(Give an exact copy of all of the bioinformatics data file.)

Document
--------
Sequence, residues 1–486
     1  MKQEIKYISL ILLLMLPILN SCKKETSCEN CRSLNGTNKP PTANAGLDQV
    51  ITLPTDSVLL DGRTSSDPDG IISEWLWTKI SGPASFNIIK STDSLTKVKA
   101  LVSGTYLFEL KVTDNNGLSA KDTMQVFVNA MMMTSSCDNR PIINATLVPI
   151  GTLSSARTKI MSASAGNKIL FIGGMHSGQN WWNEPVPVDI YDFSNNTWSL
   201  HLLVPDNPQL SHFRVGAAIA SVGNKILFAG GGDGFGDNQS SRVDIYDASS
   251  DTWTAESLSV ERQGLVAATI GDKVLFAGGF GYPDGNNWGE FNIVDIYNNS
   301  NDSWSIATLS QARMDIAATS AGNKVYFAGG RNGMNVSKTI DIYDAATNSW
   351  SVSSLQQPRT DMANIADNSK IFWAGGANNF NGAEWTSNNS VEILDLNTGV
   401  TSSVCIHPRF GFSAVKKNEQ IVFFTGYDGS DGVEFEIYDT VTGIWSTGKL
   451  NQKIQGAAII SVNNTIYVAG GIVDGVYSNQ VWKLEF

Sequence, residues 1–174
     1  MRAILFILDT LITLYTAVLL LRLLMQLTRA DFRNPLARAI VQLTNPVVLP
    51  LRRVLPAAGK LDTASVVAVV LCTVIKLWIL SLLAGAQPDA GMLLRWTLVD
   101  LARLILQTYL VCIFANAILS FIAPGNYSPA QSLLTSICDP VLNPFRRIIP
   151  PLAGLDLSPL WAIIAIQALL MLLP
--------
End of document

Sequence, residues 1–486
     1  MKQEIKYISL ILLLMLPILN SCKKETSCEN CRSLNGTNKP PTANAGLDQV
    51  ITLPTDSVLL DGRTSSDPDG IISEWLWTKI SGPASFNIIK STDSLTKVKA
   101  LVSGTYLFEL KVTDNNGLSA KDTMQVFVNA MMMTSSCDNR PIINATLVPI
   151  GTLSSARTKI MSASAGNKIL FIGGMHSGQN WWNEPVPVDI YDFSNNTWSL
   201  HLLVPDNPQL SHFRVGAAIA SVGNKILFAG GGDGFGDNQS SRVDIYDASS
   251  DTWTAESLSV ERQGLVAATI GDKVLFAGGF GYPDGNNWGE FNIVDIYNNS
   301  NDSWSIATLS QARMDIAATS AGNKVYFAGG RNGMNVSKTI DIYDAATNSW
   351  SVSSLQQPRT DMANIADNSK IFWAGGANNF NGAEWTSNNS VEILDLNTGV
   401  TSSVCIHPRF GFSAVKKNEQ IVFFTGYDGS DGVEFEIYDT VTGIWSTGKL
   451  NQKIQGAAII SVNNTIYVAG GIVDGVYSNQ VWKLEF

Sequence, residues 1–174
     1  MRAILFILDT LITLYTAVLL LRLLMQLTRA DFRNPLARAI VQLTNPVVLP
    51  LRRVLPAAGK LDTASVVAVV LCTVIKLWIL SLLAGAQPDA GMLLRWTLVD
   101  LARLILQTYL VCIFANAILS FIAPGNYSPA QSLLTSICDP VLNPFRRIIP
   151  PLAGLDLSPL WAIIAIQALL MLLP